Friday, 27 September 2013

Friday 27 September 1963



Kate and George Starling are feeling smug: it's two weeks since they last rowed, and Kate's convinced they're over "the hump" that it took her parents two years of married life to negotiate.  George is taking them out for dinner to celebrate.

Their smugness is doubled when they overhear their neighbours Peter and Norah having a humungous barney (not that they're deliberately listening in, you understand).


When Norah starts calling Peter things neither Kate nor George have ever heard of, and the Starlings hear the distinctive sound of a sauce boat being chucked at someone, Kate decides it would be a good idea to defuse the situation (i.e. meddle) by inviting the pair over for a drink.  And how could they fail to forget their troubles when they're exposed to a couple as loved-up as George and Kate? And if nothing else, as Kate wisely points out, "There's never been a row yet that was worth missing somebody else's drink for."


George heads over to invite the warring pair for a drink but it's just a grumpy Peter who appears, Norah pleading a headache.  Kate goes to jolly her along, leaving George to commiserate with Peter.  "Don't worry old man," he unhelpfully ventures, "Some people just have bigger humps than others."  "We'll probably need Sherpas and oxygen to get over ours," Peter growls.


It seems the root of Peter and Norah's argument was Norah's jealousy over the new sexy-voiced phone operator where Peter works.  She's actually not much to look at, but Peter's made out she's gorgeous just to tease Norah - who's now seen him out shopping with her.  The sauce boat Norah threw at Peter scored a direct hit.  "What rotten luck!" George sympathises, "They're normally such bad shots."

Eventually Kate produces an unhappy-looking Norah, and her attempts to reconcile her with Peter aren't exactly subtle: "Oh Norah, that's my chair - I'm afraid you'll have to sit next to your husband."  After Kate and George have an elaborate smooch by way of encouragement to their guests, Kate makes some rather elaborate gestures in an attempt to get George out of the room with her.



It doesn't do much good.


The Starlings provide some background music as a way of putting their guests at ease.  Kate enthuses about how George has been buying a lot of "modern" records lately.  "He used to be such a square - now he's... what's the opposite of square?"  The crooner George puts on the Hi-Fi would scarcely have been trendy 10 years previously, but he manages to reunite Peter and Norah through their shared amusement at his atrocious dancing.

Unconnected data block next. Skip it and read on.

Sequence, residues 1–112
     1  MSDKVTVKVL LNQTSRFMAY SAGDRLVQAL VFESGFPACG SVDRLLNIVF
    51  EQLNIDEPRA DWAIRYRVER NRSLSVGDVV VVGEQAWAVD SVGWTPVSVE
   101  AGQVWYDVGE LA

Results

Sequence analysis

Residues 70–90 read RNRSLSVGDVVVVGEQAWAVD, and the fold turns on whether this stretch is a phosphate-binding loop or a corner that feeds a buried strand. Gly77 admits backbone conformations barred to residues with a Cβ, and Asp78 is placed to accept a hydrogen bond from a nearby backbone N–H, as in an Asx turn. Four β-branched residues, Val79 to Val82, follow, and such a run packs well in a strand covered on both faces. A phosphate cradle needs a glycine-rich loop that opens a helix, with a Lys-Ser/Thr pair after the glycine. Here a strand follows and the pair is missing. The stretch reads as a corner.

Norah and Peter agree to accompany Kate and George to dinner, and the four of them head off to Angelo's.  As Peter comments, it's not much to look at from the outside.


Here, predictably enough, it's George and Kate who start rowing, when Peter offhandedly points out he saw Kate out with another man.  It was her old boss, who George has always been jealous of (it's nice to see George jealous of Kate for a change - she's more likeable in this episode than she has been since the first episode) - it turns out Kate was actually angling for a part time job.  The evening progresses with each couple alternating their rows.  The accordionist who's fascinated by all the bickering is played by Dennis Wilson (not the one from the Beach Boys), composer of The Marriage Lines' music.


Having left the restaurant separately without eating, Kate and George are reunited at home, where it looks like dinner's going to be some Spanish rice out of a tin and a couple of braised kidneys.  Scales and Briers do a lot of snogging this week.


The episode ends with the Starlings once more listening into their neighbours' row - and this time contentedly realising it's about them.  Oh, and George hits his head.


The Good Neighbours continues The Marriage Lines' upward trend - it's a sweet little episode with Kate and George at last seeming once again to actually like each other.

2 comments:

  1. Who's the actor playing the male neighbour? Looks very familiar, but I can't put a name to the face.

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    Replies
    1. It's Richard Briers from The Good Life

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